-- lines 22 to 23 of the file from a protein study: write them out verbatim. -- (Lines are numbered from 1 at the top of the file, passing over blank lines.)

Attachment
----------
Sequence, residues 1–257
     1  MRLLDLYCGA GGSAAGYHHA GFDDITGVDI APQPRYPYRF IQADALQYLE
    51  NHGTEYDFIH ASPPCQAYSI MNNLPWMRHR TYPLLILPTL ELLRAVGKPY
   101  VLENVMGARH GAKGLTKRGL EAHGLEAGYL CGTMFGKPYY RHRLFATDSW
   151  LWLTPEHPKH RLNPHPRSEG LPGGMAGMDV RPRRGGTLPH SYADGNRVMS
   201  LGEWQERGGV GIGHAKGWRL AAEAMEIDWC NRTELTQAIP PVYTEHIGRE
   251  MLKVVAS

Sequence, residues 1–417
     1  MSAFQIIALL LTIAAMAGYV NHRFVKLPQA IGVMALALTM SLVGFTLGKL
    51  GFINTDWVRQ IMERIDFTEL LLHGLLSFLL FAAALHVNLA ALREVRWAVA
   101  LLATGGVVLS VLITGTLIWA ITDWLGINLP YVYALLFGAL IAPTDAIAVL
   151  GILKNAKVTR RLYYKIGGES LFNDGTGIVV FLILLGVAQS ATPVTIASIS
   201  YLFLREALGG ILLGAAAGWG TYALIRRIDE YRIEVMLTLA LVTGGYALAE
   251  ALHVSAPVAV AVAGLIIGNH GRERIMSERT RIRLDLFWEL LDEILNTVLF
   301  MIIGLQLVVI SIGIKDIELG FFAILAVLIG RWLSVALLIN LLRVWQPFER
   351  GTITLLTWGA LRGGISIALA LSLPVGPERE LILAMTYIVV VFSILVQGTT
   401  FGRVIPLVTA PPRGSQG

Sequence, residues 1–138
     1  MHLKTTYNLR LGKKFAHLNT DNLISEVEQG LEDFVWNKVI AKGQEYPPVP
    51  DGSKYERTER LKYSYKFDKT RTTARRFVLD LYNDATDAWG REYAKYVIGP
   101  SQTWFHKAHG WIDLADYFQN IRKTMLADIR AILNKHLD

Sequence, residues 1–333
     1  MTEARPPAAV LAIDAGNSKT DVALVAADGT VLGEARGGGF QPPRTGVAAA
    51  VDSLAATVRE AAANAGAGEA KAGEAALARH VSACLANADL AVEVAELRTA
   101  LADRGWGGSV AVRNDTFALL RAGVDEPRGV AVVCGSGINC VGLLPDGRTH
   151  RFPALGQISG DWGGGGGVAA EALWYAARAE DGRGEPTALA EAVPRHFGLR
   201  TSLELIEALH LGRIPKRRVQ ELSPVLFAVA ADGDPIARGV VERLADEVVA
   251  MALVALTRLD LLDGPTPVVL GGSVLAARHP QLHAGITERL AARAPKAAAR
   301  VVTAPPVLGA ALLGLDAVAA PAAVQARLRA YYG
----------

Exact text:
Sequence, residues 1–333
     1  MTEARPPAAV LAIDAGNSKT DVALVAADGT VLGEARGGGF QPPRTGVAAA